Change Is In The Air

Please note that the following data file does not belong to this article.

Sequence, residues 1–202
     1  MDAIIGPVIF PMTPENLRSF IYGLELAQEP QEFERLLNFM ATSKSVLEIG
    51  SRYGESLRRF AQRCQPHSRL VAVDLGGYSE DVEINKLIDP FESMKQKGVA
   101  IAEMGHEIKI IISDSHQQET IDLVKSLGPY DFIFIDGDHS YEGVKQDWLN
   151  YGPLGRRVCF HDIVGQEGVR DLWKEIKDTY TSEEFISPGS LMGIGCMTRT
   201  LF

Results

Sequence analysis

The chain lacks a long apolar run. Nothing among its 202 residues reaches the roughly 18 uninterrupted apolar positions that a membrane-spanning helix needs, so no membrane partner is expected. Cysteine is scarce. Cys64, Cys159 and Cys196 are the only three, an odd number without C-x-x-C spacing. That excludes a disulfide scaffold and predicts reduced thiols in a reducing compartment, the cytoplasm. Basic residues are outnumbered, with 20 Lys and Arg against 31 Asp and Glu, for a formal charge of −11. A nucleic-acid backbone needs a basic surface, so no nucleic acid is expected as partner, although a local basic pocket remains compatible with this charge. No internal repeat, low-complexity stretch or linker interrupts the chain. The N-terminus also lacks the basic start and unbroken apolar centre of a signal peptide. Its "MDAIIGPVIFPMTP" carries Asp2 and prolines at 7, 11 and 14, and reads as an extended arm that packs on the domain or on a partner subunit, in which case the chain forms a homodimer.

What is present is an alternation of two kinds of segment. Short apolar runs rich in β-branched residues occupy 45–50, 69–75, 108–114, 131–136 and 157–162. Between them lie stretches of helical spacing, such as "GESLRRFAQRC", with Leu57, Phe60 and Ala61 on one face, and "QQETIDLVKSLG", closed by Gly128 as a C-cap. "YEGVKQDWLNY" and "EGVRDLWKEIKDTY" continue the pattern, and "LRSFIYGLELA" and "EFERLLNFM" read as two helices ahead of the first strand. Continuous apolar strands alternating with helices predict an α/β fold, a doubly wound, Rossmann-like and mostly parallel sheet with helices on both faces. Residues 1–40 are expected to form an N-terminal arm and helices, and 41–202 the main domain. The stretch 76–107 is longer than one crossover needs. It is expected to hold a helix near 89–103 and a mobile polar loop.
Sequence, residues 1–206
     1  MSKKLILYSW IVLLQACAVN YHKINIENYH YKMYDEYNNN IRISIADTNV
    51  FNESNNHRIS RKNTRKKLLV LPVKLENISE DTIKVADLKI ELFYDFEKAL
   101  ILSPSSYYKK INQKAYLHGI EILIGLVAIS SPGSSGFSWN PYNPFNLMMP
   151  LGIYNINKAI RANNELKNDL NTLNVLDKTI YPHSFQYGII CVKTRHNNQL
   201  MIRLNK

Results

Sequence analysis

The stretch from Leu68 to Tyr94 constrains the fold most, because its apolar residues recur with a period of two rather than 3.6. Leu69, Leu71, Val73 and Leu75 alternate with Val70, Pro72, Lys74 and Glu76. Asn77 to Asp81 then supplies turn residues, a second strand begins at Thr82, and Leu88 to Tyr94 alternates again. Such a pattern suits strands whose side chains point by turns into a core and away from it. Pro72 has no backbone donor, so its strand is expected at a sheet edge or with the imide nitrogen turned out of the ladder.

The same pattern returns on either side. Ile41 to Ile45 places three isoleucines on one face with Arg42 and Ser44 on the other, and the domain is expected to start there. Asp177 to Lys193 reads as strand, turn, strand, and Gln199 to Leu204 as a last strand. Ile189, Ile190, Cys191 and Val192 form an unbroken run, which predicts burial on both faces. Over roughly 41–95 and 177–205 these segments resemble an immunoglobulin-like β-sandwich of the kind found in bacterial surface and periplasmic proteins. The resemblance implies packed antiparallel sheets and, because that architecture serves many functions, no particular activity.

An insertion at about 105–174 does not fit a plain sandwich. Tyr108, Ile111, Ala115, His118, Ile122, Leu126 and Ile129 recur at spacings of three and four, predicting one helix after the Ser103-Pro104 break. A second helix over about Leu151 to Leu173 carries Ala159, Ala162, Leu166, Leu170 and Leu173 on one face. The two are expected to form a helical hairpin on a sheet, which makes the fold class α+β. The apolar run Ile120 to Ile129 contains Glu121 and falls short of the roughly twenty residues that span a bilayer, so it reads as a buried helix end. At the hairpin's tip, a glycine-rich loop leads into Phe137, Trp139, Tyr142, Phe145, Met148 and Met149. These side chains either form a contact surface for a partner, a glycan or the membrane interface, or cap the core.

Change is not easy for most of us. Letting go of a thought or an idea or of something or someone in our lives challenges us. This is true even if and when we know they or it no longer serve us. We are creatures of habit. What we hold onto is connected with our early need to belong. This holds true even on a macro level as we see with our government and our political beliefs and we see playing out in the world. Yet what we see playing out in a big way always begins with us individually; with our internal work with ourselves. We hold onto that which served us at one time in our lives. That time period has great meaning to our inner world even if that was in the past. Our inner world knows time very differently than our outer world; the world of defenses and masks we developed to help us to survive in our world.  I remember a conversation I had with a group of friends at Passover this year. We were talking about forgiveness. How do we forgive when someone killed a family member or when we witnessed chemical warfare perpetrated against us or when we remember the Holocaust and our own personal holocausts? How do we let go of the hurts that were perpetrated against us or that we perceived and experienced? That is where real change happens, through letting go of hurts. This reminds me of a long lasting conversation I used to have with my father. He didn't believe in forgiveness. He used to say that energy doesn't get lost and that you can't let go of something that happened, as it, in fact, did happen. I used to argue that forgiveness is about the transformation of energy, not a letting go of or losing energy. My father, although he helped many people in his work and was very wise in many ways, never was able to let go of and move forward from what he believed was hurts he received at the hands of his parents. He saw his father as being jealous of him and therefore as having had little to do with him. He saw his mother as a liar and as a mother who didn't protect him from abuse by a sitter and accused her of never seeing who he was or liking him as a person. Whatever the truths are regarding him and his parents we may never know. The truth most likely lies somewhere in the middle of everyone's experience. The important thing here is that he never forgave them. He was never able to transform his anger and hurt to acceptance, or to some kind of resolution with them, much less to love them in some way. If we as people aren't able to find acceptance with our parents, if nothing else, and we hold onto our abuses and hurts, how can we ever move forward in life to forgive others their trespasses?  Is it easy to find some kind of peace and acceptance or forgiveness with those that hurt us or tortured us or took advantage of us in some way? No, it is a very hard thing for us to do and takes very much internal work on our parts. If we don't, however, we hold onto the pain forever and it robs us of a part of ourselves and our own health and vitality. It keeps us from changing our own internal dialogues and we become set and rigid in our beliefs and stunts our growth. We then own the very possibility of perpetrating similar hurts upon others. Think a minute about who hurt you and how that felt and how you reacted to the hurts. How has it been for you in holding onto them? Has it felt good or has it robbed you of something vital? Change is in the air and all we have to do is move into it.  Shift Your Story/Shift Your Life:  On my website, www.bodypresencing.com, there is an interview I conducted with Katy Hutchison in which her husband was killed and left her with two young twins. It is a very inspiring true story of how she overcame the trauma and even made friends with and business partners with her husband's perpetrator. Click on Media, and scroll down to listen. I hope it inspires you as it did me.